It contains approximately 100 stars, the brightest of which are 7th magnitude.NGC 5460 is another naked-eye open cluster, 2,300 light-years from Earth, that has an overall magnitude of 6 and contains approximately 40 stars.It contains several million stars, most of which are yellow dwarf stars, but also possesses red giants and blue-white stars; the stars have an average age of 12 billion years.This has prompted suspicion that Omega Centauri was the core of a dwarf galaxy that had been absorbed by the Milky Way.It is the largest and brightest globular cluster in the Milky Way; at ten times the size of the next-largest cluster, Omega Centauri is classified as a Shapley class VIII cluster, which means that its center is loosely concentrated.It is also the only globular cluster to be designated with a Bayer letter; the globular cluster 47 Tucanae is the only one designated with a Flamsteed number.Proxima, the tertiary star, is a red dwarf of magnitude 11.0; it is almost 2 degrees away from the primary and secondary and has a period of approximately one million years.Also a flare star, Proxima has minutes-long outbursts where it brightens by over a magnitude.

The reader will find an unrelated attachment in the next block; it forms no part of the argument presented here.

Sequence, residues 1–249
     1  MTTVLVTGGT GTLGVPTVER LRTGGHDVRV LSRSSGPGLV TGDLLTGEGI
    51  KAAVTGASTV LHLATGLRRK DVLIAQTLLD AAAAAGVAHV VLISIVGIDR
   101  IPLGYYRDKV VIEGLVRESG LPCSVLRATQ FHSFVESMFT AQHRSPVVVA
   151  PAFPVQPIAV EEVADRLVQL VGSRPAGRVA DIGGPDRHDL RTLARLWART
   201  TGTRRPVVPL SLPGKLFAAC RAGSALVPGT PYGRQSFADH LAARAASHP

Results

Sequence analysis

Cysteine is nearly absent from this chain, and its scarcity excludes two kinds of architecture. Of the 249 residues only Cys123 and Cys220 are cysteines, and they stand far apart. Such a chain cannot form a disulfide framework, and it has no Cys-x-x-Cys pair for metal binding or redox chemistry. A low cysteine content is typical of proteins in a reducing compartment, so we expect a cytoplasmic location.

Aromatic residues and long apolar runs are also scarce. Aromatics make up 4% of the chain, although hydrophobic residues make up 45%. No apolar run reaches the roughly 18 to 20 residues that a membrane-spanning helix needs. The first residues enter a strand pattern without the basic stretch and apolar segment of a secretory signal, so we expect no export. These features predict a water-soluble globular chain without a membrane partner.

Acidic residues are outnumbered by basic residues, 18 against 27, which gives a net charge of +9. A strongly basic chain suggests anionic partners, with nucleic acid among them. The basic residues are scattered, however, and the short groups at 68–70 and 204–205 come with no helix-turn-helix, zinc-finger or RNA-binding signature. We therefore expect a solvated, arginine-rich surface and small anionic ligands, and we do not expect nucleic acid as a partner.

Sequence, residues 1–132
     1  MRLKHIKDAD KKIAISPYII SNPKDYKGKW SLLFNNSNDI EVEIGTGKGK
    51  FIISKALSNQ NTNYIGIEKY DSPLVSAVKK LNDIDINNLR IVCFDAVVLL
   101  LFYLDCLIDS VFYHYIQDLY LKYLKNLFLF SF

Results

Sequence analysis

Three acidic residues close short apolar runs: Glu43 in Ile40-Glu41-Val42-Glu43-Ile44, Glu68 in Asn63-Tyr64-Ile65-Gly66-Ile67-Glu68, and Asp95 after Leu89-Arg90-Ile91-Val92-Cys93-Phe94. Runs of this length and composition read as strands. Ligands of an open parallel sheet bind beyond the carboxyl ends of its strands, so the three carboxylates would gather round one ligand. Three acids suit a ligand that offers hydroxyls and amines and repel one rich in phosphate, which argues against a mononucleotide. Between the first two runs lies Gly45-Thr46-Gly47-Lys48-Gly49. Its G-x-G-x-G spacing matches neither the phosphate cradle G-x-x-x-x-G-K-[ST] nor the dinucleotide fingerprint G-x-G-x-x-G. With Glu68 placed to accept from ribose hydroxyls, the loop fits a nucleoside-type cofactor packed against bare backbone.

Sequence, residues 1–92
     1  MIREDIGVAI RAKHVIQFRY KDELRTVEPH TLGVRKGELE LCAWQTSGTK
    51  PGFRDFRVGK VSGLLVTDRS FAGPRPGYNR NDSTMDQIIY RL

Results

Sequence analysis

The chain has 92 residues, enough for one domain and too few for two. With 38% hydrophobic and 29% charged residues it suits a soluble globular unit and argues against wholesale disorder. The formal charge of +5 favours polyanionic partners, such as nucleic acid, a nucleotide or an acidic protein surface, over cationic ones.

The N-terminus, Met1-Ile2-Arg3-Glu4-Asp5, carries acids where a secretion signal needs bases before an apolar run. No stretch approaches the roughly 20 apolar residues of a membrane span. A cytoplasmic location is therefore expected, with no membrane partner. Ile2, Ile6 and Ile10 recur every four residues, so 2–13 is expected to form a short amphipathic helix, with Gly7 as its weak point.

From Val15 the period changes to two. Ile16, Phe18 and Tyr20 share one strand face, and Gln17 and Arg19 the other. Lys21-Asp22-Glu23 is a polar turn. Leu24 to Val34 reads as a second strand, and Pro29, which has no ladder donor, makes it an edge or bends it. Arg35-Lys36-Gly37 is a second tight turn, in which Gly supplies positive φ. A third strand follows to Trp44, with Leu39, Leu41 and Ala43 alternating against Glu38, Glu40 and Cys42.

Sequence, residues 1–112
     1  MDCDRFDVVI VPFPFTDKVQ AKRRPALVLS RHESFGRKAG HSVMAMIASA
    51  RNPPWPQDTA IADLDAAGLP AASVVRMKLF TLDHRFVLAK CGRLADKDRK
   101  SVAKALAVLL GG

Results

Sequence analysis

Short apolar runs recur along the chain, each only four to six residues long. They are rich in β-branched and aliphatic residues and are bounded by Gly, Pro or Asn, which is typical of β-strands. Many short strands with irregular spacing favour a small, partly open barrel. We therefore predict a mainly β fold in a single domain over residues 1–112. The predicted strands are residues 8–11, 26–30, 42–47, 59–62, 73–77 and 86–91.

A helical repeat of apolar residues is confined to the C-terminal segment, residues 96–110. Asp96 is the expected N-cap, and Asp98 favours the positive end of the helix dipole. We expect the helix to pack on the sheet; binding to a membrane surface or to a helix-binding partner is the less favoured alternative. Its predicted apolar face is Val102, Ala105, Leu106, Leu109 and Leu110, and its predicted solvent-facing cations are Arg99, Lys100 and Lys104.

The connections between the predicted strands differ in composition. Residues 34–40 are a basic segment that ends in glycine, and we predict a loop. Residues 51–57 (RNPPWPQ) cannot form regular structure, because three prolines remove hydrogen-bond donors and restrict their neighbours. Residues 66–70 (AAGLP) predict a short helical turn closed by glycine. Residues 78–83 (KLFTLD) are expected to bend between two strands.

The primary and secondary are both yellow-hued stars; the primary, is of magnitude -0.01 and the secondary is of magnitude 1.35.
Notable stars include Alpha Centauri, the nearest star system to the Solar System, its neighbour in the sky Beta Centauri, and V766 Centauri, one of the largest stars yet discovered.
The constellation also contains Omega Centauri, the brightest globular cluster as visible from Earth and one of the largest known.
Omega Centauri was determined to be nonstellar in 1677 by the English astronomer Edmond Halley, Centaurus is also home to open clusters.
NGC 3766 is an open cluster 6,300 light-years from Earth that is visible to the unaided eye.